Is Elon proving the case for decentralization?
It feels like ever since Elon took over Twitter there’s been a constant news stream of people analysing, criticising, applauding, and/or berating his every move.
I’m not here to argue for or against the policies Mr Musk is implementing.
That’s a completely different article that would require a deeper analysis from someone more with more experience in online security..
What I do want to look at is the potential problems that arise when one person (or one entity) has control over what we can and cannot say online.
More specifically, when that entity enacts new rules on a whim.
Obviously, my opinion is going to be skewed towards the small creators and people using these mediums to grow their own businesses.
So bear that in mind before you attempt to attack me for not covering everything.
What’s happened at Twitter?
Since Elon took over the birdhouse he’s made a lot of controversial calls regarding policy and the direction of the company.
Personally, I feel it’s too early to say definitively whether some of these calls are good or bad.
Some, however, I cannot agree with.
The one where I think Musk has missed the mark is the recent policy update about sharing links to other competing networks.
Here’s the announcement from Twitter.
The good news is, thanks to immense backlash from users, the blog post and Tweet outlining this were promptly deleted.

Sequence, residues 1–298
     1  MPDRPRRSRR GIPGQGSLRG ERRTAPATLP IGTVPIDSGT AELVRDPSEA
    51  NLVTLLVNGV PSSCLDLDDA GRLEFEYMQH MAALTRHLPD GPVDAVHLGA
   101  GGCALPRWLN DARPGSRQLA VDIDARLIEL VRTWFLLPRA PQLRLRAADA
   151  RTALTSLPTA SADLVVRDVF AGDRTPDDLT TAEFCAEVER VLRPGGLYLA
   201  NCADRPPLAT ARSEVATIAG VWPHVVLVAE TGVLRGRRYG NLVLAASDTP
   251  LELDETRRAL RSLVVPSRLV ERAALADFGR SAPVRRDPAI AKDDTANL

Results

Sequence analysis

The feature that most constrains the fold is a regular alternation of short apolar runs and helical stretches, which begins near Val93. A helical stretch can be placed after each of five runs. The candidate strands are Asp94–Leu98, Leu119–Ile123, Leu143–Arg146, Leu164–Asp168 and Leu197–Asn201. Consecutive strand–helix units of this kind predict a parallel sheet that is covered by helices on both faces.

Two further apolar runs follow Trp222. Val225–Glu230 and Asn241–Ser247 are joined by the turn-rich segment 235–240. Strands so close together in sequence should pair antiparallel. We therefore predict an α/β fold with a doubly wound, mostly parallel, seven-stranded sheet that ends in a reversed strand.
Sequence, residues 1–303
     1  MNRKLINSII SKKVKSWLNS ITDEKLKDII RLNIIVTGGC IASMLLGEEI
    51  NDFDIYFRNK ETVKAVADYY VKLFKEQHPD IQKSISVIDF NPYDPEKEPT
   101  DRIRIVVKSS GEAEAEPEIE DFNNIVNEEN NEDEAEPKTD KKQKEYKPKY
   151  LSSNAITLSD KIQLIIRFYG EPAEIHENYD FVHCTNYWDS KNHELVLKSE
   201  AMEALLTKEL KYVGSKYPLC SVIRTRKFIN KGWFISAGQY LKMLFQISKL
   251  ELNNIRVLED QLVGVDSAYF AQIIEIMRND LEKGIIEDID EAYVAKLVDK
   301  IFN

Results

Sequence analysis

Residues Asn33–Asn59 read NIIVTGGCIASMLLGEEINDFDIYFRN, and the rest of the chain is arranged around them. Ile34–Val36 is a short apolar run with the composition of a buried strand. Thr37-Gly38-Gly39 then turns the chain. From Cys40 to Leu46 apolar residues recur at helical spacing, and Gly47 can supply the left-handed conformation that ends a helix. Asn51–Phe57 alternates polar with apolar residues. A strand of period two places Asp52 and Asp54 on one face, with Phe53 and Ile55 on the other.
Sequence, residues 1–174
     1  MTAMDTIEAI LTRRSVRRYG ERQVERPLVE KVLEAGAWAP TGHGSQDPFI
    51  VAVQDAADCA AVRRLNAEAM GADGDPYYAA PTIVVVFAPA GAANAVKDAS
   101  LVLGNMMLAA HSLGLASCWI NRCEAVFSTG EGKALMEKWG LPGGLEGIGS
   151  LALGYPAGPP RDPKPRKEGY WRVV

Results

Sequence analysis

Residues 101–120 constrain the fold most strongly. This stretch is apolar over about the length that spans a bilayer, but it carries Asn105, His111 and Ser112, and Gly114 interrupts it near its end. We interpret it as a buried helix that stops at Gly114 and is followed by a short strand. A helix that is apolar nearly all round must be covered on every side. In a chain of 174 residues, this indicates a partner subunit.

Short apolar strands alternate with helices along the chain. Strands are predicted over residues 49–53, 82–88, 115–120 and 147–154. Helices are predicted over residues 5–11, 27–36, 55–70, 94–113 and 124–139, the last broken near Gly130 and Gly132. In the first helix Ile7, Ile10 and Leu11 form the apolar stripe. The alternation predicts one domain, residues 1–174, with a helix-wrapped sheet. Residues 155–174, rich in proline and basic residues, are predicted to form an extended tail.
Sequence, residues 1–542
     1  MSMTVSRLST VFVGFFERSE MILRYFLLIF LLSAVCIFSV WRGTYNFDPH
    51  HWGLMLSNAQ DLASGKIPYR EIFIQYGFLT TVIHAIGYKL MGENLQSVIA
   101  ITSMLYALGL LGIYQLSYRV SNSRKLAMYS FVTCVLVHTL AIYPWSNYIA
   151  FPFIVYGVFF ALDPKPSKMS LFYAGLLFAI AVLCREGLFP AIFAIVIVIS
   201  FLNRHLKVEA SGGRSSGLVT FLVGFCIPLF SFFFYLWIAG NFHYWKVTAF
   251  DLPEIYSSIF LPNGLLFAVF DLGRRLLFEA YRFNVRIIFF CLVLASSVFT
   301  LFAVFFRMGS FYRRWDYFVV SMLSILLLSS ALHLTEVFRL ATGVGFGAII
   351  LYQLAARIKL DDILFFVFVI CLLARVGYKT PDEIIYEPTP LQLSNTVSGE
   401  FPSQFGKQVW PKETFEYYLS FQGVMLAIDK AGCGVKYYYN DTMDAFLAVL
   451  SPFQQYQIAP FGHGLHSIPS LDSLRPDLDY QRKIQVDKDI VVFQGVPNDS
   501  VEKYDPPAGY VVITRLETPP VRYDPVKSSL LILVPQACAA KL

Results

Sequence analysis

Hopefully, this means this isn’t going to be pursued or actioned.
However, it's evident Twitter is worried about competitors (it seems Mastodon is high on the hit list), and it worrying that this would even be considered.
The worry for me is what if these policies then extend to other external links.
- What if they block lnks to business blogs?
- What if they block links to landing pages?
- What if they block tweets that include certain words they dislike?
- What if they completely block people who tweet things they don’t like?
Any and all of these potential situations drop the value of using the platform for creators and brands.
And sadly, I don’t think it’s too far out of the realms of possibility.
The whole ElonJet banning is proof that they can, and will, ban accounts and create new rules to justify it. (full story of that here if you’re not aware)
Granted, real-time doxxing could be potentially dangerous and what happened with his child is inexcusable.
But ElonJet was literally just sharing publicly available information. No laws broken.
The real criminal here is the stalker who ran up on his car.
And yet ElonJet’s founder Jack Sweeney has had all of his jet tracking accounts banned along with a number of journalists from reputable publications who spoke of the account in their tweets.